TOP research universities will gain in this year's higher education funding round which makes cuts of less than 1 per cent per student overall.
Research is proving the launchpad for a small band of institutions, now able to enjoy the results of good grades in the 1996 research assessment exercise, together with incomes of up to Pounds 53 million from collaborative projects with industry.
Some specialist institutions also receive boosts in grant following a funding council inquiry into their particular needs.
No university or college will lose in cash terms this year so long as it can get students to pay up under the new fee arrangements. But 24 of the 135 higher education institutions and 72 further education colleges have increases below the 2.75 per cent rate of inflation.
Student numbers are up by about 6,000 with another 8,500 or so places to be allocated later in the month, according to bids. No extra money has been set aside for capital projects in 1998-99. Institutions will have to find this cash themselves.
Sir Brian Fender, HEFCE chief executive, said the new financial arrangements introduced by the government had started to improve the overall funding position of higher education, which has seen a 35 per cent cut in unit funding over the last eight years.
"We need to build on the 1998-99 level of funding in future years to enable institutions to maintain standards, offer opportunities to a wider range of students and ensure that higher education in this country remains internationally competitive," he said.
Committee of Vice-Chancellors and Principals chief executive Diana Warwick said: "While this is a welcome step in the right direction for England there is a long way to go in addressing the financial crisis still facing the sector."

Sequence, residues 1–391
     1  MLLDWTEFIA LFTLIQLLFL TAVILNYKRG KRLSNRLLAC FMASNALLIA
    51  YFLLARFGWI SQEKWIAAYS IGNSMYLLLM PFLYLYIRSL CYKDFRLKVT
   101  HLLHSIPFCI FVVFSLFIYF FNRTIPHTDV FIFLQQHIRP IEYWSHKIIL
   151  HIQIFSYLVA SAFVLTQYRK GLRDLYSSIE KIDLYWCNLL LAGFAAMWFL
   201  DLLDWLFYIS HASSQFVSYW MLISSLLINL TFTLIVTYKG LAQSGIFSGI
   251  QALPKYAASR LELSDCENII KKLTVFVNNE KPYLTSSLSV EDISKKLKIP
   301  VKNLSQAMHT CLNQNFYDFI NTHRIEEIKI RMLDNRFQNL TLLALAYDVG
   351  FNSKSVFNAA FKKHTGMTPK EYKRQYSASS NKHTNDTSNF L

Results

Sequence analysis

University winners from this year's funding round are: Goldsmiths, up 5.1 per cent; Imperial and York, up 5.7 per cent; and University College London, up 7.1 per cent. All performed well in the 1996 RAE but had some of their research money taken away last year to help institutions which had done badly. In 1998-99 they will keep all of it.
Luton, Derby and Lincolnshire and Humberside universities also see relatively large increases in overall grant, mainly due to a new method of distributing teaching money to equalise average levels of funding.
University losers from the HEFCE allocations are: Aston, City, Coventry, East Anglia, Exeter, Manchester and Queen Mary and Westfield, with cash terms increases of just 1.8 per cent each. All were helped with large sums of safety net money last year after losing out in the RAE. All except Manchester receive help again this year, with more than Pounds 1 million worth of support for Exeter.
This time, the funding council is using Pounds 4 million from its Pounds 10 million pot of contingency money rather than taking it from winners.
Following an inquiry headed by Edinburgh University principal Sir Stewart Sutherland, 25 out of 46 specialist institutions will receive a 10 per cent premium in their teaching grant. Of these, the Institute of Education, Cranfield University, the Royal College of Music, Royal College of Art, Trinity College of Music, Royal Academy of Music and Royal Northern College of Music will have additional funding on top.
This week the funding council also released figures on generic-qualifying income, the amount of income universities and colleges receive from users of research for collaborative projects where institutions retain intellectual property and publication rights.
Amounting to just under Pounds 618.5 million in total, these show Imperial College receives Pounds 53.2 million, Kings College London Pounds 40.2 million, Cambridge Pounds 33.6 million and Oxford Pounds 26.2 million, while just under a dozen, mainly new, universities get less than Pounds 1 million each.